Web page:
Yeah, I agree that she has some room here. They moved your job, and surely they were aware there was a good chance you wouldn’t be able to move. This is more like a layoff…be courteous, stay a month if you can do so without hurting other job options, and give 2 weeks notice if you get another offer.

    2. MK*

      But this isn’t really about “quitting etiquette” in general; the OP did actually agree as to when their last day would be. It would have been fine, I think, to warn the employer beforehand that they might leave sooner if they found a new job, but since they did commit, they should try to stick to the arrangement, unless there is serious reason othewise.

      On the other hand, it would be fine to discuss this with the company. I know that the notice period is usually for the employer’s benefit, but in this case it’s possible that they don’t really need the OP to work for another month and proposed this to minimise the OP’s loss of income/give her more time to find a new job.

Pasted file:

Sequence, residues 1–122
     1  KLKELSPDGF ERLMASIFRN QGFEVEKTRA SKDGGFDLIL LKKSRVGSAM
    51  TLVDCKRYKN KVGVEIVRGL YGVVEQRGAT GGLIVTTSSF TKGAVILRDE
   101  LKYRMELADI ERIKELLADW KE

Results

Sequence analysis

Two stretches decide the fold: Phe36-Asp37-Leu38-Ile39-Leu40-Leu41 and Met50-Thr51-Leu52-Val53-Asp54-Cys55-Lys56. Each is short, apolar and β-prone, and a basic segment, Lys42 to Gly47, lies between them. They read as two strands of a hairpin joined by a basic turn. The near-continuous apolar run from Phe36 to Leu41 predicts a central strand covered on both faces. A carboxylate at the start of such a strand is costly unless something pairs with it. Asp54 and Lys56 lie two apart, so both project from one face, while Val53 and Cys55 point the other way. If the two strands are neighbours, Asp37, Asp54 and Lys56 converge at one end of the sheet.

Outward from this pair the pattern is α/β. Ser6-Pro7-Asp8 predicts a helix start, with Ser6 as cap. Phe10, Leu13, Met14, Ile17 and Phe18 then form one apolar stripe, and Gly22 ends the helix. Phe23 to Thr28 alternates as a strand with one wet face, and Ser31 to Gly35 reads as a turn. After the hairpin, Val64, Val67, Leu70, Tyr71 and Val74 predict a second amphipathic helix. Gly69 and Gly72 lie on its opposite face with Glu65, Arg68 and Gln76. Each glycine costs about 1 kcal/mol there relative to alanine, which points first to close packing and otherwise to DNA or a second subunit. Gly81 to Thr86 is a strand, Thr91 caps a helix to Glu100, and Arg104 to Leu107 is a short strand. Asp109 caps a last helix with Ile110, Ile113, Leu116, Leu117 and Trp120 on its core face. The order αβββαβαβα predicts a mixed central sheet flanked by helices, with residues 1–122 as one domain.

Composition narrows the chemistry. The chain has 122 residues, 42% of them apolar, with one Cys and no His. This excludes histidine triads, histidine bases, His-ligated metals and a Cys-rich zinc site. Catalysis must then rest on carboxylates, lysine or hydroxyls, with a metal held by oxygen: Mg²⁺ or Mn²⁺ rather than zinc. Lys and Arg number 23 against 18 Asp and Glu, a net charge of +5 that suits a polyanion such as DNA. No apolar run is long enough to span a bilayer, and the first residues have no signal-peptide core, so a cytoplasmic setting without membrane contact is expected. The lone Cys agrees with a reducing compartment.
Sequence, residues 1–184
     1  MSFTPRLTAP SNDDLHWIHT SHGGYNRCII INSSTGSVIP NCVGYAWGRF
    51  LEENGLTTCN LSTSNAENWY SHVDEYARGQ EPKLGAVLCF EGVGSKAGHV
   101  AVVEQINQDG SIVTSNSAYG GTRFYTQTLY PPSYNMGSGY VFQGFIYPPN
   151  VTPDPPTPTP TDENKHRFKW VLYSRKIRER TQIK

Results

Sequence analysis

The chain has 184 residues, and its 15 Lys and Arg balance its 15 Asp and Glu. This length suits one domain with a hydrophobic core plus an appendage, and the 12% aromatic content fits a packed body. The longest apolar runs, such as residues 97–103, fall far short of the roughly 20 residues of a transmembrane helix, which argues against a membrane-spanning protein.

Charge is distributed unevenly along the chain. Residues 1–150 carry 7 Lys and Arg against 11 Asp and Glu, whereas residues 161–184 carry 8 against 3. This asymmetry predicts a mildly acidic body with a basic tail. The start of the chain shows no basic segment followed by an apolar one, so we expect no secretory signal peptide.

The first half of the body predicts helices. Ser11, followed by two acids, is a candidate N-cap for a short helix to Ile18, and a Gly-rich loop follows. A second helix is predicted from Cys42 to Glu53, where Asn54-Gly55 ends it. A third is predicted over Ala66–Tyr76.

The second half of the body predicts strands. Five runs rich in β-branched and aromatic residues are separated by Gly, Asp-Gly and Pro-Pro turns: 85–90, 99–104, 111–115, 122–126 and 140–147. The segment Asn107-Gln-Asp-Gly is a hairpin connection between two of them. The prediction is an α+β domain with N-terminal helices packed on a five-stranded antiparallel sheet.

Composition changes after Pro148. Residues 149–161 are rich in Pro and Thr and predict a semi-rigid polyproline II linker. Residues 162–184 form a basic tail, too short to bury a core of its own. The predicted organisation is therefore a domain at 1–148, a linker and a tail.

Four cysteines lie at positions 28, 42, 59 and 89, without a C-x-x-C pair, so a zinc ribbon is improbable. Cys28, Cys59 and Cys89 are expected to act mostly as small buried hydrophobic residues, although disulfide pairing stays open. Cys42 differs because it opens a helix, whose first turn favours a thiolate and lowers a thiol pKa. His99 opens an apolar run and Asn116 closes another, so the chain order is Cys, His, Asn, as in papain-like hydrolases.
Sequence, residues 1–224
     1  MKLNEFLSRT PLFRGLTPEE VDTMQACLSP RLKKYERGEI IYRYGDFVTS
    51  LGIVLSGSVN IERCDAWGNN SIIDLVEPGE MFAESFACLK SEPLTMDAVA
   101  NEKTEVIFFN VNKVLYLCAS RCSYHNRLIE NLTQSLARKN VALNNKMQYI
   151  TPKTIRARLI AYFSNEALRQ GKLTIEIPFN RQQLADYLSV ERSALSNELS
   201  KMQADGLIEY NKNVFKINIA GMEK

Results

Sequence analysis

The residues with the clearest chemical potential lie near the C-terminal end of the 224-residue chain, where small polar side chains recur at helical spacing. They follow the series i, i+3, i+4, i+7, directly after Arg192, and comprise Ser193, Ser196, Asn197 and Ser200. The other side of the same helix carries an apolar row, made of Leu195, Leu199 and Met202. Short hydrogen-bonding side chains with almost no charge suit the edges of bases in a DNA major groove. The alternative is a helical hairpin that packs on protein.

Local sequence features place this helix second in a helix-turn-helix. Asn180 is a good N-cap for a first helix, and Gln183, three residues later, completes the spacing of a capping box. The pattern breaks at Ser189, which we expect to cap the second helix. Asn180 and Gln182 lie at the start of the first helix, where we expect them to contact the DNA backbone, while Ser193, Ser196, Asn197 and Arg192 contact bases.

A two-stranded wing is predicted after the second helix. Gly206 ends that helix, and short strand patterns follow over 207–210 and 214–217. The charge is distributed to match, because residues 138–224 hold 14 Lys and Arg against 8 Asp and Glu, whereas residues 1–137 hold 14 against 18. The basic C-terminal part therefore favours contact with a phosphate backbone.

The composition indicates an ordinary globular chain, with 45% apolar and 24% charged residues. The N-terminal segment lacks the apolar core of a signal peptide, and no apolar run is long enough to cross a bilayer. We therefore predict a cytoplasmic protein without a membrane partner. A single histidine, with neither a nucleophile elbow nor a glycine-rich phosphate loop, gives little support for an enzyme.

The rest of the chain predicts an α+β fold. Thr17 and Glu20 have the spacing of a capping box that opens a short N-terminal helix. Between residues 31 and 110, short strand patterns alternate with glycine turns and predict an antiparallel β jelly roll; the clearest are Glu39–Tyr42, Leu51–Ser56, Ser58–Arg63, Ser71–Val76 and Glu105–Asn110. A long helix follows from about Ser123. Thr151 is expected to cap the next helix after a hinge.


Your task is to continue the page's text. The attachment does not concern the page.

1. illini02*

        I think a “would be nice” and professional courtesy are different here. Her situation may change. Now if she gets and offer and can put it off for a month, that would be great. But if it comes down to them pulling the offer because they can’t wait that long to filling the position, she is under no professional obligation to stay at her current job

      2. OP #3*

        Thanks for the great insight, everybody! I’m absolutely willing to stay the duration of the month, if needed. However, this situation is really similar to what you bring up in your last paragraph. I have spent the last several weeks training colleagues on certain tasks, wrapping up loose ends, finishing up projects, etc. It’s gotten to the point where I feel that I could move on without causing any stress to company. Should I get a written offer (I haven’t yet), my plan is to offer to stay until the last day we planned on, but suggest that it might be best if I left sooner.